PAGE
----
Wright Draws Walk, Plays Five at Third In Emotional Final Game

The crowd erupted when David Wright’s name was announced with the starting lineup. It erupted when he took the field for the first time. It erupted when he stepped up to the plate for the first time. David Wright could do no wrong on David Wright Day. How could he?

The festivities began before the game. Fans were in the stadium well before first pitch to watch the Captain take batting practice, where he homered (and received an ovation, naturally).

A tribute video was played on the scoreboard, but the pièce de résistance of the pregame festivities was when Wright’s two-year-old daughter, Olivia, threw out the ceremonial first pitch to her dad.

Wright ran out to his position before the rest of the teammates, to the tune of 40,000-plus fans cheering. He was then joined by his longtime teammate and infield partner José Reyes, followed by the rest of the Mets starting nine.

Reyes led off the game with a double and advanced to third on a sacrifice bunt. Wright stepped up to the plate, with a chance to drive in a run. For a moment, it felt like 2006 again as we got a glimpse of the once-feared duo of Wright and Reyes. Wright didn’t get the run home, but did work the count and drew a walk, showing remarkable plate discipline for a man who hasn’t started a baseball game in over two years.

In his only fielding chance, Wright made a clean scoop and throw to first for the last out of the third inning. It wasn’t flashy, but it was solid and routine.

Then came his second plate appearance, the final of his career. Wright popped out to the first baseman.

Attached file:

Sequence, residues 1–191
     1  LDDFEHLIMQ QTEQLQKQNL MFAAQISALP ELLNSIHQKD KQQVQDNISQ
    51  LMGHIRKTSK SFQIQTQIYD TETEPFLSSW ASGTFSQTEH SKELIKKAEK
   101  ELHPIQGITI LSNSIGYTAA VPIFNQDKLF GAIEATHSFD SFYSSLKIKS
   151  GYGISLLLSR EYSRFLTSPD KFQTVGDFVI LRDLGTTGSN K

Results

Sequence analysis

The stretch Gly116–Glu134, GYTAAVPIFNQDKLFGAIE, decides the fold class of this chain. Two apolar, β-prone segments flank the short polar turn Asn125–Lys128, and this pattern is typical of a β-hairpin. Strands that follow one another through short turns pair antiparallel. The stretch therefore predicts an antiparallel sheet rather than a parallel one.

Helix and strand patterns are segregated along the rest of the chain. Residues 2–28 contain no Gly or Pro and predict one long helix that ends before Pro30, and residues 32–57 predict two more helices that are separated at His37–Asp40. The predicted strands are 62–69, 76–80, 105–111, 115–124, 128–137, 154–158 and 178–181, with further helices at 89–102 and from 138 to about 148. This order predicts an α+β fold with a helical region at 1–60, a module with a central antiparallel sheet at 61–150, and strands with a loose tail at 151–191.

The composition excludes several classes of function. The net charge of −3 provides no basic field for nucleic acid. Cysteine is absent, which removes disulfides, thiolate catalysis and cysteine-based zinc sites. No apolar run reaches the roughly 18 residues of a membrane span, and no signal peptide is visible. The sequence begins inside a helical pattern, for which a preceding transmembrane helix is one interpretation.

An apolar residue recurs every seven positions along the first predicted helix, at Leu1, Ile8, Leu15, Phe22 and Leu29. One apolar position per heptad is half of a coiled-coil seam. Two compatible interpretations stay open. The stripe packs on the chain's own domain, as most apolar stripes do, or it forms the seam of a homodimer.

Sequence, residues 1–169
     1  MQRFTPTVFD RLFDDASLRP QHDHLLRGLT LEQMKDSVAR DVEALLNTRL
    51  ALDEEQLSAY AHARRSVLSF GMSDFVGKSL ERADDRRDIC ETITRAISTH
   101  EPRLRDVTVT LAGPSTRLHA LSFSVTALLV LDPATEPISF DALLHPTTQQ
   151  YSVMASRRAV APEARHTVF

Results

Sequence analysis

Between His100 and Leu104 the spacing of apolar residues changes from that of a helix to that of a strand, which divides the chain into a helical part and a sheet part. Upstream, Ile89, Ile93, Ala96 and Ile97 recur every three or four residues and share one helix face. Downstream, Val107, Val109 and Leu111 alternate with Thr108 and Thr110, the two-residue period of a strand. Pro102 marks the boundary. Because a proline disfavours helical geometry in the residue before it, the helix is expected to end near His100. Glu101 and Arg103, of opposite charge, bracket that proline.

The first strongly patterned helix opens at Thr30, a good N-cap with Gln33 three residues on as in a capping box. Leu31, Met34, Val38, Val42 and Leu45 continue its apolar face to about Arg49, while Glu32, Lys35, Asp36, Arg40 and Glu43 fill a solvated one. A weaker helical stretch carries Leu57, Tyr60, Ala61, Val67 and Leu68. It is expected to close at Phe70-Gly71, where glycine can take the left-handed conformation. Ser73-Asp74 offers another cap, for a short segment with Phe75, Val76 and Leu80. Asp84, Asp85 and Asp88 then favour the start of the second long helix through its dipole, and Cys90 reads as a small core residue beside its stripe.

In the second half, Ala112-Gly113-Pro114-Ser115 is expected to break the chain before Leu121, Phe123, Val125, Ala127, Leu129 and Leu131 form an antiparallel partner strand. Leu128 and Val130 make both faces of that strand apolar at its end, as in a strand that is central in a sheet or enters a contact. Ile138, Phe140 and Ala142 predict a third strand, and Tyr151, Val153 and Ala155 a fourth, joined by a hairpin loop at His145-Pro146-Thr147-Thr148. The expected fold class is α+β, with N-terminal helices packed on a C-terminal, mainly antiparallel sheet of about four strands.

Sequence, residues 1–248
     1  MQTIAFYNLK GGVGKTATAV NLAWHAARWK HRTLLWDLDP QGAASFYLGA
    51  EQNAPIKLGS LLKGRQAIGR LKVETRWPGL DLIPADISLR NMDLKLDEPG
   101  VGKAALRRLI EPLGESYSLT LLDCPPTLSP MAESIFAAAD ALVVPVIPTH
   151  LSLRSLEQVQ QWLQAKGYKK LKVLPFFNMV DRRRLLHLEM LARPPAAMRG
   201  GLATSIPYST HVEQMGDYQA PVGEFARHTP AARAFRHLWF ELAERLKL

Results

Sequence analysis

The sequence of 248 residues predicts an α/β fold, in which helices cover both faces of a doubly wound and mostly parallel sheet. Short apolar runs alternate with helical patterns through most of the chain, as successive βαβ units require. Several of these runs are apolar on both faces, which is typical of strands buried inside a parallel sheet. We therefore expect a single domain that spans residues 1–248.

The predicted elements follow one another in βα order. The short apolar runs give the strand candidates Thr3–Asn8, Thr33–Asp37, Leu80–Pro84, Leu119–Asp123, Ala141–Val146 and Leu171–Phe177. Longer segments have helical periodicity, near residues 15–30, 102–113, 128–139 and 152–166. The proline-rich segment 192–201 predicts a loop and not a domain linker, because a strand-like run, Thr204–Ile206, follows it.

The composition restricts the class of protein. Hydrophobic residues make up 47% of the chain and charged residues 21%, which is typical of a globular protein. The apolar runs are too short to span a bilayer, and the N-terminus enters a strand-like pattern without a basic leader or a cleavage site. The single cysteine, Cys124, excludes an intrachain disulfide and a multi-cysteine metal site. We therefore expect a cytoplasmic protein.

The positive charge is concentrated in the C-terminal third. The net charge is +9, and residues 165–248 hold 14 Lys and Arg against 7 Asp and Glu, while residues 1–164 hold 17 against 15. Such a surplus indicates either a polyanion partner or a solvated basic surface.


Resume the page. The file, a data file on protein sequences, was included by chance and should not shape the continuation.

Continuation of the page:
For those expecting one last signature moment from Wright, there was no single one. However, the fact that he stepped on the field at all was iconic in itself. Not only that, he fielded his position and battled out a walk. Given the severity of his injuries, David Wright had no business playing in a major league game again. But he did. And he went out on his own terms.

For a man who endured devastating injuries and numerous losing seasons, Wright was more than deserving of the fanfare on Saturday night. His every move was cheered and for one last night he was the star of the show.

Before the the top of the fifth inning, Wright took the field, took a warm up throw and hugged Reyes. Then, to the sound of boos, Mickey Callaway emerged from the dugout to remove Wright from the game. It was the plan all along, but it still didn’t feel real.

Wright hugged all of his teammates on his way off the field, and gave a curtain call to the fans, who provided him with an enormous ovation. Then, for the final time, David Wright descended down the tunnel toward the clubhouse, with tears in his eyes and surely the eyes of many watching.

About Liam Quinn 8 Articles
I am a lifelong Mets fan from New Jersey who is currently studying journalism at the University of Missouri. I love writing and talking about the Mets but mostly I like how they constantly make me angry and sad.